Oscar A. Osores
Managing risks for a new technology project implemented overseas can be seen as a high risk and difficult undertaken due to two main factors; dealing with new technology and working on a possibly unfamiliar environment; the key for managing these types of projects is using a dual risk management undertaken; managing risks in both project locations, integrating off shore stakeholders with the project leader abroad; in order to successfully plan, update and respond to the risks, it is critical for the project leader to be familiar with both the company culture as well as the countries’ culture and become the integrating keystone for developing a realistic project risk approach.
Managing risks in overseas new technology projects
Projects involving new technologies imply challenges and a number of new risks, some of them unanticipated and very hard to identify. In addition, working overseas typically represents more risks sources for the project, because of the differences between the countries’ environments, legislations, working practices and cultural manifestations. Therefore, a successful risk management strategy needs to incorporate all the potential risks sources that can affect the project and perform an integrated analysis to evaluate its overall influence on the project results through each phase of the project’s life and develop the proper response to them. The proper risk management approach suggested in this article involves performing a dual integrated risk evaluation. The first risk analysis will be performed on the off shore portion of the project. Here it is very important to incorporate all the project stakeholders and promote their participation during the risk planning, executing and monitoring stages. It is important having contingency plans specially developed including fall back alternatives, in the event that the technology does not deliver the anticipated results. The second risk analysis needs to be performed for the on shore part of the project. When working overseas, it is recommended to have a local company representative leading all the in country works. Outsourcing services can be contracted and used as required; but having a company employee knowledgeable of the company culture as well as the country’s characteristics it is critical to have true knowledge of the site conditions where the project works will take place. The integrative risk management part consists in creating a common risk approach based on the on shore and off shore risk assessment results and effects and creating a single platform for managing the risks in the project. After this dual integrated risk evaluation is finished, the project risks can be fully identified, analyzed qualitatively and quantitatively and a proper response can follow. Continuous risk monitoring is very important to guarantee success of the risk management implemented strategy. Risk interaction potential is also high when combining new technologies and overseas works. As presented in the following pages, risks from different sources can interact and their combined effect can potentially create higher risks for the project. On shore risks can create additional off shore risks or increase their impact and probability and vice versa. For example, a political risk in the country where the project is taking place can create financial (exchange rate) problems that can compromise the project’s assigned budget; in the effort of improving cost savings, cutting project costs can affect the quality assurance programs for the on and off shore parts of the works. This is just one of the scenarios that can occur when certain risk factors combine. These factors need to be taken into serious consideration and carefully analyzed when preparing the risk management strategy.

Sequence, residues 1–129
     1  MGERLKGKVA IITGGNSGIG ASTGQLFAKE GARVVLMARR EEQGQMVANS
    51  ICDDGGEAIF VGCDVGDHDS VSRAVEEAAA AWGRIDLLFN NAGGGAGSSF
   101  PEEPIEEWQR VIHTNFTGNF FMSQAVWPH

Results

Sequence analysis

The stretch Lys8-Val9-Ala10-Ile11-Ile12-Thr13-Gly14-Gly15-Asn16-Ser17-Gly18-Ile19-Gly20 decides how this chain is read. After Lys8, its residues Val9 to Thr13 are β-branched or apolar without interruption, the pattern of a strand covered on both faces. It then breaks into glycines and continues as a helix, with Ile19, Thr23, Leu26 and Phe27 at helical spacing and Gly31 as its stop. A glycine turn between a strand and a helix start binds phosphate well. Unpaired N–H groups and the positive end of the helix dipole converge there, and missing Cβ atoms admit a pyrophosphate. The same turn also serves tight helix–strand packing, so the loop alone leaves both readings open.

The off shore risk strategy
Past project records